Complexity as a paradigm has been underutilized by social work, but this cutting-edge pocket guide makes a convincing argument for its use. Every agency worker has been faced with a deluge of records, making it difficult to grasp onto structures and trends undergirding behavior. Complexity theory studies the interactions of competitive and cooperative tendencies of agents such as individuals, families, groups, or communities, making the case that there is a hidden order in things that areseemingly chaotic. Exploring their interactions involves identifying a set of simple rules that the agents follow, revealing patterns that emerge without a predetermined template.
Readers will learn how to frame their research using the components found in complex systems by using their existing knowledge of research methods and applying basic mathematical concepts. Concepts such as bordering between chaos and equilibrium, diverse perspectives, diverse heuristics, robustness, and wisdom of crowds are considered and applied to social work research studies. Basic introductions on game theory, graph theory, Boolean logic, decision theory, and network science provide the necessary mathematical background for understanding interconnectedness and networking.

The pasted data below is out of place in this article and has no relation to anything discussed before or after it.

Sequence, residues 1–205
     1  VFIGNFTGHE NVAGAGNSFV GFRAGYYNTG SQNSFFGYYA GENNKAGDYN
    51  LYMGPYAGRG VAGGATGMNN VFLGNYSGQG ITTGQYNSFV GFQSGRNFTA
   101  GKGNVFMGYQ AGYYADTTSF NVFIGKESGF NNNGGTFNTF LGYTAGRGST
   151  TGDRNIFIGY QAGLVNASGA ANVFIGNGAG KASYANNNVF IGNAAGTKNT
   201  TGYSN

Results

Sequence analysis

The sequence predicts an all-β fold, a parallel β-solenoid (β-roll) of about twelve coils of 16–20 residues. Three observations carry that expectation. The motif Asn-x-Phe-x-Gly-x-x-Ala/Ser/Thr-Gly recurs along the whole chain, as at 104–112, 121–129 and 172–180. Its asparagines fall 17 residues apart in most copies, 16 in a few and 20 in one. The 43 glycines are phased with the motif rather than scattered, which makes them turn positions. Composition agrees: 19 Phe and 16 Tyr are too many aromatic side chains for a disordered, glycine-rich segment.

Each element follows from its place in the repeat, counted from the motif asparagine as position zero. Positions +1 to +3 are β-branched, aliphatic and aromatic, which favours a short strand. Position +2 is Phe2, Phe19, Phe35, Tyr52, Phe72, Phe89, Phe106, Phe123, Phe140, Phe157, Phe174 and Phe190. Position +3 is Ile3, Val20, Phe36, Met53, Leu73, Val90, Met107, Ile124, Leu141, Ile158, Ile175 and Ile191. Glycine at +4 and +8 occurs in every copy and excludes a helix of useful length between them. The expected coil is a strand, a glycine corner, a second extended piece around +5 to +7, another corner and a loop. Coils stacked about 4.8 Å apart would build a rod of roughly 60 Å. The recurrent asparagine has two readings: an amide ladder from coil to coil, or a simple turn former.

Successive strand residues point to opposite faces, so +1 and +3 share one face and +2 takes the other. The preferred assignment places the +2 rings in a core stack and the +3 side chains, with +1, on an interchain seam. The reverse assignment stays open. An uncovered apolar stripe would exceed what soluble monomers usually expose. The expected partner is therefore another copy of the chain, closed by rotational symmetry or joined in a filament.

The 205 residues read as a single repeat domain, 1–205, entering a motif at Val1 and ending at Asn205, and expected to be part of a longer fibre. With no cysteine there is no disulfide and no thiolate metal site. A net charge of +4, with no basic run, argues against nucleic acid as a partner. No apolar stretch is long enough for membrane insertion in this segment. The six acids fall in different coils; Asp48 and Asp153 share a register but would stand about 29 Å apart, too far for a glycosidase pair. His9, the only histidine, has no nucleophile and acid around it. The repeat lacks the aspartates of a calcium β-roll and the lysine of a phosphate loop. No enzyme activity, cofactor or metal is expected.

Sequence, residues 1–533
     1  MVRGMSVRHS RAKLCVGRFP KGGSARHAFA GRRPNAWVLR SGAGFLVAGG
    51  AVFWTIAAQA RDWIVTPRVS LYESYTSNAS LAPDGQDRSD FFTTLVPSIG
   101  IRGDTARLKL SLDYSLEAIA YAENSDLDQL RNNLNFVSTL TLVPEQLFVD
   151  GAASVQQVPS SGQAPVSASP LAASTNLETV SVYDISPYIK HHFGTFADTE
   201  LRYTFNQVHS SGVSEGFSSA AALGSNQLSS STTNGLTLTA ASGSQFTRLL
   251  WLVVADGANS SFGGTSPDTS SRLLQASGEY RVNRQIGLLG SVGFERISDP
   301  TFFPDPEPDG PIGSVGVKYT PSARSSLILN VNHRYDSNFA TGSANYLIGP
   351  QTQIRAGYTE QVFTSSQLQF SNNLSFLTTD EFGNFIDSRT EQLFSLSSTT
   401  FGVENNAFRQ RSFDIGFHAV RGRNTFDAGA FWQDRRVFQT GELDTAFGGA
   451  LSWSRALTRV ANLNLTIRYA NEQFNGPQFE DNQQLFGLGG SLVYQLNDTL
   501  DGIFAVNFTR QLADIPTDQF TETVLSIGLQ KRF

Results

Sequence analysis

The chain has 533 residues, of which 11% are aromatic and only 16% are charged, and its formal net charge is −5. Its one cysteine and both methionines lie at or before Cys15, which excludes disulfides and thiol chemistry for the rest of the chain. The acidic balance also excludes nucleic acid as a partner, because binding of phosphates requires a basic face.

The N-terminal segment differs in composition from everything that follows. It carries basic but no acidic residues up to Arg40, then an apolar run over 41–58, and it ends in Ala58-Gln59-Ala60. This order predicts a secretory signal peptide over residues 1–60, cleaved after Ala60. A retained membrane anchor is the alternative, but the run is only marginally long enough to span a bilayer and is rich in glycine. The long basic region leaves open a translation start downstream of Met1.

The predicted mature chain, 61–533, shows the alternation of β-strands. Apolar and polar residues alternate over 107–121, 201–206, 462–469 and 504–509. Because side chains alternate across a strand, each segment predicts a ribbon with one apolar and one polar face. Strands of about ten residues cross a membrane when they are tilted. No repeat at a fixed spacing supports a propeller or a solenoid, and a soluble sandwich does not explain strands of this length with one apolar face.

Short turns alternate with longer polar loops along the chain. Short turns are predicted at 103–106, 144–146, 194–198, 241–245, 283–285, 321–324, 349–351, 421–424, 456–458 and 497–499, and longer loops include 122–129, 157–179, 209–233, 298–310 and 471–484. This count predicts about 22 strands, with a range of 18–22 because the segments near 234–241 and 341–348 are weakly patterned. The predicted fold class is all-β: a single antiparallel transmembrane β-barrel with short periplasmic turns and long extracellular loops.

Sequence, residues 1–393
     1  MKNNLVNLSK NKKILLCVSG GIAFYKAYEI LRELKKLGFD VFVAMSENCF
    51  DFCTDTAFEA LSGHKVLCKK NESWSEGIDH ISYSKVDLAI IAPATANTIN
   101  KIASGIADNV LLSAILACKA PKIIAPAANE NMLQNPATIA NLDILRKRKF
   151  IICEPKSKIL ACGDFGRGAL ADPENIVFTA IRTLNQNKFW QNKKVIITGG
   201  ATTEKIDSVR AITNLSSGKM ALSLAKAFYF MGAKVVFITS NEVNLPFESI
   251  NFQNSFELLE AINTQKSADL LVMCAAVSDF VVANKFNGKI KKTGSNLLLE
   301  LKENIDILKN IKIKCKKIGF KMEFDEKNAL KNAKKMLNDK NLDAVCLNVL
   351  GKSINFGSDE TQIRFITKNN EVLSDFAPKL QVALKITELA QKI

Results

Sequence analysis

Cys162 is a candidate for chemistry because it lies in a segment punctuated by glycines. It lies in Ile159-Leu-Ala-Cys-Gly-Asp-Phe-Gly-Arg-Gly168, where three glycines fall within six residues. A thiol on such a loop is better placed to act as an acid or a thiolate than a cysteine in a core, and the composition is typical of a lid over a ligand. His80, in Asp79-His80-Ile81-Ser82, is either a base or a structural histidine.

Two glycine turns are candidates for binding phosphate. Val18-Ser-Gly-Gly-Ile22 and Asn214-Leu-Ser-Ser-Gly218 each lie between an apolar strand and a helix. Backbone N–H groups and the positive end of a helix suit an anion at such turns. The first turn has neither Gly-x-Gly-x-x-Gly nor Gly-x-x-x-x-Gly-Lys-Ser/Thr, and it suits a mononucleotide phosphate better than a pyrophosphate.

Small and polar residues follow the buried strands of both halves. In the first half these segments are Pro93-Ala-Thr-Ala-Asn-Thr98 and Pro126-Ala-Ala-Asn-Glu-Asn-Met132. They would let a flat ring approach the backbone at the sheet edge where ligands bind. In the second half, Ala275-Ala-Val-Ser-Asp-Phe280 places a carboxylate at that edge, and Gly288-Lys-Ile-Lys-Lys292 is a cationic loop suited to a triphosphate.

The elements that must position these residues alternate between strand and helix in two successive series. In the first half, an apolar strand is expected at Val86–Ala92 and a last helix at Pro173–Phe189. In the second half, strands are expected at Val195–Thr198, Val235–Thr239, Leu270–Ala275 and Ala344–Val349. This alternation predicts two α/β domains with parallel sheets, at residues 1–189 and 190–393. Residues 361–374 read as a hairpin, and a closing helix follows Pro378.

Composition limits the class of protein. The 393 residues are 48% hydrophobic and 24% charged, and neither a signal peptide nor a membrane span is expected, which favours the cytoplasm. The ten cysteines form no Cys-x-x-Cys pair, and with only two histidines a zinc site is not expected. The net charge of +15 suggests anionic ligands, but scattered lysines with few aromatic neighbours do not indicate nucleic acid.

The next part of the book is a hands-on guide to the agent-based modeling software NetLogo. By inputting initial parameters and rules, the outputted models provide valuable information for visualizing unintended consequences, includinghow conflict can foster cooperation and how threats to a social network can improve the network's robustness and resiliency. The result is both a user-friendly introduction to using complexity theory in a socio-environmental context and a framework that provides an overarching structure for investigating process, outcomes, and the collective behavior of groups.
Michael Wolf-Branigin, PhD, is Associate Professor of Social Work at George Mason University.